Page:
♬ Automatic Jazz Arrangement

This research was carried out by Mr. Naoto Sato, who completed his Master's degree in 2015. The aim of this research is to develop an automatic jazz arrangement method that transforms the melody itself into a jazz-like arrangement. As a first step, we proposed a method to transform the rhythm, which is an important element of jazz arrangement. First, we prepared a large amount of example data consisting of pairs of original songs and jazz-arranged songs. We consider the deformation rule of jazz-like rhythm as a change between rhythmic patterns separated by a certain length, and deform an arbitrary melody into a jazz-specific rhythm by using the existing example data.

♬ Automatic music box arrangement

This research was carried out by Mr Matsumoto, who received his master's degree in 2022.The melody is converted from a given melody to one that satisfies the structural constraints of a music box for a cylinder music box that is commonly distributed.Cylinder music boxes produce sound when a certain number of plate (metal plates designed to produce a specific pitch) flip the pins on the rotating cylinder. Because the structure is simple and the number of plate is limited, the range of sound is limited and there are structural constraints such as not being able to sound the same pitch continuously.The conversion of note sequences to satisfy these constraints was realised using neural networks.

♬ Automatic arrangement of NES music

This research was carried out by Mr. Ogiso, who received his master's degree in 2022. Game music at that time, as exemplified by Nintendo's Family Computer, used a combination of distinctive electronic sounds (square waves, triangle waves, etc.) to create background music and sound effects due to the limitations of the hardware (sound source modules).This unique music has established itself as a genre by going beyond the framework of game music and composing music in the style of NES music or arranging existing music for the NES sound source.In this study, we aimed to automatically arrange existing music into music that can be played on the NES sound source, and realised the conversion using a neural network.


  • 佐藤 直人, 酒向 慎司, 北村 正, "自動ジャズアレンジにおける曲の統一性を考慮したリズム転写", 日本音響学会2014年秋季研究発表会, 2-4-19, pp. 945–946, Sep. 2014.
  • 佐藤 直人, 酒向 慎司 北村 正, "自動ジャズアレンジのための事例に基づくリズム転写", 電子情報通信学会2014年総合大会 学生ポスターセッション, ISS-SP-396, p. 225, Mar. 2014. [IEICE]
  • 佐藤 直人, 酒向 慎司, 北村 正, "自動ジャズアレンジのための事例に基づくリズム転写", 情報処理学会研究報告 音楽情報科学(MUS), Vol. 2015-MUS-107, No. 21, pp. 1–2, May 2015. [CiNii]
  • 佐藤 直人, 酒向 慎司, 北村 正, "自動ジャズアレンジのための事例に基づくメロディ変形", 情報処理学会第78回全国大会, 2Q-06, pp. 457–458, Mar. 2016. 【大会奨励賞受賞】
  • 松本 優太, 酒向 慎司, "シリンダーオルゴールを対象としたFCNによる自動編曲", 情報処理学会第85回全国大会講演論文集, 1T-05, pp.491–492, Mar. 2023. [IPSJ]
  • 小木曽 雄飛, 酒向 慎司, "Transformerを用いたファミコン風自動編曲手法の検討", 情報処理学会第85回全国大会講演論文集, 1T-07, pp.495–496, Mar. 2023. [IPSJ]




Sign language recognition


☝ Subunit modeling for sign language recognition

This research was mainly carried out by Mr. Ariga, who completed his Master's degree in 2009. The vocabulary of a sign language is mainly represented by manual signals. Methods to extract the features of these hand movements from images or sensors and to recognise and classify them using some kind of pattern recognition technology have been widely studied. In this study, a recognition model tailored to the nature of hand signals was investigated, taking into account that hand signals are mainly composed of hand movements, hand positions and hand shapes. It was shown that extending the Hidden Markov Model to handle such features separately, while exploiting the commonalities that appear in the word representation, can improve the recognition performance of sign words.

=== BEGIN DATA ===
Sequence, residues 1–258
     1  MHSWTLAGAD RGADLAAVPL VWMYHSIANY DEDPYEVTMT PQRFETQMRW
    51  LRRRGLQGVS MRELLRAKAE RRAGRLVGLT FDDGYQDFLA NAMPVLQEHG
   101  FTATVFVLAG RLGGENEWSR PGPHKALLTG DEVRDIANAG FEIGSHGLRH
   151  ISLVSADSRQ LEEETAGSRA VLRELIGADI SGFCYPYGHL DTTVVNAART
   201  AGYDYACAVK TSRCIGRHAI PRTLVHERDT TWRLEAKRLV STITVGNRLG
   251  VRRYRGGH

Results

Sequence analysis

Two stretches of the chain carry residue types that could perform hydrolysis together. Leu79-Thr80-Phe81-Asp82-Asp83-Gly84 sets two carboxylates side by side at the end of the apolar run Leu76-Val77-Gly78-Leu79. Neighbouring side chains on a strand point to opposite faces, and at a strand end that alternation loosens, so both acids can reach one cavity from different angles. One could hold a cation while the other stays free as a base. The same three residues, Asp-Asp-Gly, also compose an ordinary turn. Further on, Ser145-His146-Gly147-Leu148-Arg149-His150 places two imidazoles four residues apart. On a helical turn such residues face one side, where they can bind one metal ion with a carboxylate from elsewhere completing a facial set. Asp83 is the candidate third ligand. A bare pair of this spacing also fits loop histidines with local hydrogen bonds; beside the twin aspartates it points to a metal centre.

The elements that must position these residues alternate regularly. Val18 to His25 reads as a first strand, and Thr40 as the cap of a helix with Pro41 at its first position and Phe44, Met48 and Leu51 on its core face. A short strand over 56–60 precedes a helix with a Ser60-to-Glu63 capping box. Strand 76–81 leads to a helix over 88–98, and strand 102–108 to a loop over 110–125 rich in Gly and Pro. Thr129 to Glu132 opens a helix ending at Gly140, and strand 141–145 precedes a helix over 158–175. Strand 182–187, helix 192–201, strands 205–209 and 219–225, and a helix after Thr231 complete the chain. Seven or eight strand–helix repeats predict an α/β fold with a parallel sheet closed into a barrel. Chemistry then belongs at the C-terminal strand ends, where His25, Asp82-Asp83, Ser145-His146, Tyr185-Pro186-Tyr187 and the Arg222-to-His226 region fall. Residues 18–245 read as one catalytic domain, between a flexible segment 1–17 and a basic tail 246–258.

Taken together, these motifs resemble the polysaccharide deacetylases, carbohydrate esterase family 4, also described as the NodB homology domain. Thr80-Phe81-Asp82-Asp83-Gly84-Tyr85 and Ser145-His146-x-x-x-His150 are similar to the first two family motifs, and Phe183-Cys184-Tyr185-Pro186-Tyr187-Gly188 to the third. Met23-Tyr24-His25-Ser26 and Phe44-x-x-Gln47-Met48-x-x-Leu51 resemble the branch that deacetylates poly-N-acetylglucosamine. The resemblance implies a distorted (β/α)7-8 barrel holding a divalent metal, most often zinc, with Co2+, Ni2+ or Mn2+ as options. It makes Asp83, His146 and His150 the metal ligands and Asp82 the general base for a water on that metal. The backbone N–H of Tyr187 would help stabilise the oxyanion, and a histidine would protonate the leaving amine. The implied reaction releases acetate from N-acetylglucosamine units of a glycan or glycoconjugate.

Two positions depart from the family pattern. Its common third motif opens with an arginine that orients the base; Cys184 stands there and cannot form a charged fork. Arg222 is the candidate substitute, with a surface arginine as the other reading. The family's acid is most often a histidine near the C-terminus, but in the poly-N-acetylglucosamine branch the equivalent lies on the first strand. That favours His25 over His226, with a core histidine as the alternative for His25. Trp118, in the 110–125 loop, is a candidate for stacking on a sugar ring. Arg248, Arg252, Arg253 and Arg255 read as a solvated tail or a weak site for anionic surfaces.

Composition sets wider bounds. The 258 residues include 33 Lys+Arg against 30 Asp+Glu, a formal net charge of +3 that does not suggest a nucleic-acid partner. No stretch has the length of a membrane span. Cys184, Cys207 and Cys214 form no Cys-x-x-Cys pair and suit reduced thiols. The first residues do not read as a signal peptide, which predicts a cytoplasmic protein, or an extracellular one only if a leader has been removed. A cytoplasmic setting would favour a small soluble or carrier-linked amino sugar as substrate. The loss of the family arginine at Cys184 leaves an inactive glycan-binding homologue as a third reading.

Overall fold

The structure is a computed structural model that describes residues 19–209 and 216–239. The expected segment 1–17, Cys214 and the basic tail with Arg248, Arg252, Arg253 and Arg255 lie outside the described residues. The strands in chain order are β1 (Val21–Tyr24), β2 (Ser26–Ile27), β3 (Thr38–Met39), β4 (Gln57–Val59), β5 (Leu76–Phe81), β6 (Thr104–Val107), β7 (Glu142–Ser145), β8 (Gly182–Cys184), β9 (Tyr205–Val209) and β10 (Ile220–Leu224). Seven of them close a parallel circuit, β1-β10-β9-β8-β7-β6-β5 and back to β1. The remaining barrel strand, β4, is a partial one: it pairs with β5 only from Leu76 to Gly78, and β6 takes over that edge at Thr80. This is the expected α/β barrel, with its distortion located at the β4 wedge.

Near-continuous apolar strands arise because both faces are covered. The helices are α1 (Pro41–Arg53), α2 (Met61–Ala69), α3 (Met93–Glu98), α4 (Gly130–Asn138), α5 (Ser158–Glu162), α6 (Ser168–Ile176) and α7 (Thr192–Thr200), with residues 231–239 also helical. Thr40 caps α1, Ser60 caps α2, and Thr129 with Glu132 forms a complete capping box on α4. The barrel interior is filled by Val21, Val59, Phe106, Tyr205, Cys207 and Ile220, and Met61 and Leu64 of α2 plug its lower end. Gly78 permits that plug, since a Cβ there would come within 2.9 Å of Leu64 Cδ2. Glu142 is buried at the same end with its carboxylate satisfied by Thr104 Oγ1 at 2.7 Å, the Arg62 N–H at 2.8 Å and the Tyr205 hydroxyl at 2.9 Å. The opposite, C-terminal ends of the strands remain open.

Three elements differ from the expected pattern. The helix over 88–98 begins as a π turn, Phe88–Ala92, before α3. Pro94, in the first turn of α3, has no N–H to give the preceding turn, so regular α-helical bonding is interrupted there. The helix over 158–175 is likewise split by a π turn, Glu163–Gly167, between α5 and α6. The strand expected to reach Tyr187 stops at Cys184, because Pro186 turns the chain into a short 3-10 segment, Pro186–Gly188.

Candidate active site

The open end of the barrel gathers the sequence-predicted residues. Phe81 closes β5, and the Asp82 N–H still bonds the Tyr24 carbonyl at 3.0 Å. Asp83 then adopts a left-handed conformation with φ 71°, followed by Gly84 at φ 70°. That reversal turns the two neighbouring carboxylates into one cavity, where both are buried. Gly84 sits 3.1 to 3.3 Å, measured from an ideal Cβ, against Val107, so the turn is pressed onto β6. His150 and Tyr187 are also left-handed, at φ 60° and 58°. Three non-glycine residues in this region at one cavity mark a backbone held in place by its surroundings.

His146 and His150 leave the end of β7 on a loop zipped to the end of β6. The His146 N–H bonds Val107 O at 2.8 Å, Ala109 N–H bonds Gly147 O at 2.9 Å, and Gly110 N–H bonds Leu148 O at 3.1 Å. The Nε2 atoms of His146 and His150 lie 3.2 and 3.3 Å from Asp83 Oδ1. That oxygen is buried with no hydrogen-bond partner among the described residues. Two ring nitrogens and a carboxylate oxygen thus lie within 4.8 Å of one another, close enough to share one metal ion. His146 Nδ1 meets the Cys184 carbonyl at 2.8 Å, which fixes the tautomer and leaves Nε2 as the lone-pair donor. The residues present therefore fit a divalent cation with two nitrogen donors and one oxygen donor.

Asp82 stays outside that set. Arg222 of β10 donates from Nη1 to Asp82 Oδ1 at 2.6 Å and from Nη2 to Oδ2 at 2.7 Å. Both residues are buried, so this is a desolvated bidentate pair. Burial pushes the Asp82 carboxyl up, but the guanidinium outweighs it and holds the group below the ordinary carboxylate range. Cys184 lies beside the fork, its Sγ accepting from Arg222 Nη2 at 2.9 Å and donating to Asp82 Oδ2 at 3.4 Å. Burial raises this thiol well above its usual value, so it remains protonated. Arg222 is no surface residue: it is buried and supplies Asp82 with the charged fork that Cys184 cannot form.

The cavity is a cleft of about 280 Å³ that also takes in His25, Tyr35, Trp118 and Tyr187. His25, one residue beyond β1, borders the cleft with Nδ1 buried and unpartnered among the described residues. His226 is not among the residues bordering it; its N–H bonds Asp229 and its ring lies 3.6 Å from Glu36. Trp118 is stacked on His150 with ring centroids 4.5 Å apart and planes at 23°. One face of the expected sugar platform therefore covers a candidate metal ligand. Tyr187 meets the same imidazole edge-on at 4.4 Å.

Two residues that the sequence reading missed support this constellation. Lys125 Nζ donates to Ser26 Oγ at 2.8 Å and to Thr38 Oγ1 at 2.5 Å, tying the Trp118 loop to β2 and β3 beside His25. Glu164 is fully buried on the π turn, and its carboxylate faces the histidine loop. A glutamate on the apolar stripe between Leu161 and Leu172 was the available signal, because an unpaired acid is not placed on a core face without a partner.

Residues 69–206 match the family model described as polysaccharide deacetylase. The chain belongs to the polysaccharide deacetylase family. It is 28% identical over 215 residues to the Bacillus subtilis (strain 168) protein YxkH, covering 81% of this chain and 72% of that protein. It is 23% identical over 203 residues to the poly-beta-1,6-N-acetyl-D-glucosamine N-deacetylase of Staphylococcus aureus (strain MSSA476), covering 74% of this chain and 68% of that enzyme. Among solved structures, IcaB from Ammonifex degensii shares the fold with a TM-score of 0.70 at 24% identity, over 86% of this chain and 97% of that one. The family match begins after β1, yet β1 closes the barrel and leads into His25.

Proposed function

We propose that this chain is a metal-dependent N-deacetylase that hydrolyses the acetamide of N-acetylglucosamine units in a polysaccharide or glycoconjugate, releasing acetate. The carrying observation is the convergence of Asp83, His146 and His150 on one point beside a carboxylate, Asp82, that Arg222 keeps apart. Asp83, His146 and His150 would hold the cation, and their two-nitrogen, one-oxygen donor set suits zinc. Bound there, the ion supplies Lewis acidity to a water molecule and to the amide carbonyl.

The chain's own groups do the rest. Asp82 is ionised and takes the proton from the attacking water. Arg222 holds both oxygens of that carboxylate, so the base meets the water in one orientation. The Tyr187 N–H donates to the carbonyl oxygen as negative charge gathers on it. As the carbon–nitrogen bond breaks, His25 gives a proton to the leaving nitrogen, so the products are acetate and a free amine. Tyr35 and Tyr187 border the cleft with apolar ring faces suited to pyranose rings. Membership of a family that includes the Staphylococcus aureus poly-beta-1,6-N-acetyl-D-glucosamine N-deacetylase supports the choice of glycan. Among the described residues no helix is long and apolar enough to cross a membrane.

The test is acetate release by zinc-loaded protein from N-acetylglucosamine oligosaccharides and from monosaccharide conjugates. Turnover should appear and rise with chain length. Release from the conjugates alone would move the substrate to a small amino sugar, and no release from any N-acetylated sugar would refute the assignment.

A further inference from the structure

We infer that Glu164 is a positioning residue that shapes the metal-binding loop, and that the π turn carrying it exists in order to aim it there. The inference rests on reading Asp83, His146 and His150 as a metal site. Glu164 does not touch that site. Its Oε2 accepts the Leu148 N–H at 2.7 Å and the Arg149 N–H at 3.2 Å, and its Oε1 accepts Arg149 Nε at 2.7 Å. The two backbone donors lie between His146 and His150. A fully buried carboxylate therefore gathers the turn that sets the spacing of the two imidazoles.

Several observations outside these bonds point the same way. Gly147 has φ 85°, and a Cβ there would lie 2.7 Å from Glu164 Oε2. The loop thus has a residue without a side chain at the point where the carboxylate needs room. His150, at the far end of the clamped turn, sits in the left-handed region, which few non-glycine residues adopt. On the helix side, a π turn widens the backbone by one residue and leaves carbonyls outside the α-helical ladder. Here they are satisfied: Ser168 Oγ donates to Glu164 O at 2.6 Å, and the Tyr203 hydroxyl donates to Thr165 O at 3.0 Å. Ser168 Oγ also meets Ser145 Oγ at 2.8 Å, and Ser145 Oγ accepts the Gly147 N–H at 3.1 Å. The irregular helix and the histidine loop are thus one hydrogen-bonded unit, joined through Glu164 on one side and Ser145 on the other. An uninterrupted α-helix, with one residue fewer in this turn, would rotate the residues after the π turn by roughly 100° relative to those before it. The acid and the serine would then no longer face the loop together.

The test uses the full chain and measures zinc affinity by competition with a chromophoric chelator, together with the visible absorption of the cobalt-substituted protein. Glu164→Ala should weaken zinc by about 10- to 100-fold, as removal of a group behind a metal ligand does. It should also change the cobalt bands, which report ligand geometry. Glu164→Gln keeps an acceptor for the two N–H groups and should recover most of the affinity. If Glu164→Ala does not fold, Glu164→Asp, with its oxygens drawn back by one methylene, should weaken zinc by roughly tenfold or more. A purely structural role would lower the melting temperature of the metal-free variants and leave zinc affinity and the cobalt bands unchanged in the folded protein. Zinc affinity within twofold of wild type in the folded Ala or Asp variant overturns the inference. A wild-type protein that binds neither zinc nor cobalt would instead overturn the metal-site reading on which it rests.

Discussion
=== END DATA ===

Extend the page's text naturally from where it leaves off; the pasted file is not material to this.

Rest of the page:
☝ Depth sensor-based sign language recognition system

This research was mainly carried out by Ms Hatano, who completed her Master's degree in 2015. Sign language, a visual language, contains various lexical and grammatical expressions in three-dimensional body movements. With the advent of depth sensors (e.g. Kinect sensor), it is now possible to acquire depth information at high speed and with high accuracy without using image processing. In this study, a real-time sign language word recognition technique was proposed using Kinect version 2, a typical depth sensor. The results of this research were also used to develop a continuous sign language recognition system using a small kiosk terminal in cooperation with a private company under a project supported by the Ministry of Economy, Trade and Industry.

☝ Fingerspelling recognition

The study was carried out by Hosoe, who completed her master's degree in 2017, and Nam, who will complete her master's degree in 2019. In Japanese Sign Language, different vocabulary is mainly represented by hand movements and shapes, but there are cases where there are no specific representations for proper nouns, such as names of people or places, and in such cases Japanese Sign Language uses unique finger shapes (fingerspelling) that correspond to each hiragana character in Japanese. This is also the case in other sign languages that use fingerspelling to represent the phonograms of the major spoken languages. 

As part of research into automatic sign language recognition, fingerspelling recognition from moving images has been widely studied. Although each letter has a specific shape, fingerprints vary from person to person in the shape of the fingers, the way they are presented, and the direction from which they are captured. Our aim was to improve the performance of fingerprint recognition by using a 3D model to generate data that reproduces various shape changes and differences depending on the viewpoint, without having to collect many different types of data. It should be noted that we collaborated with Prof. Bogdan Kwolek of AGH University of Science and Technology, Poland.

☝ Sign language recognition using ego-centric video

This research was mainly carried out by Mr Miura, who graduated in 2022. This research is unique in that it uses video to read sign language from the perspective of the person signing (first-person video). Previous automatic sign language recognition technology using video images has mostly used video data of a person speaking a sign language face to face. However, as sign language is a visual language that uses all of 3D-space, information about the signer's own point of view is also essential. For example, the object beyond the pointing is necessary to understand the meaning of a sign, and traditional video data of the person itself lacks information such as the person, the object, or the direction beyond the pointing, which prevents full interpretation.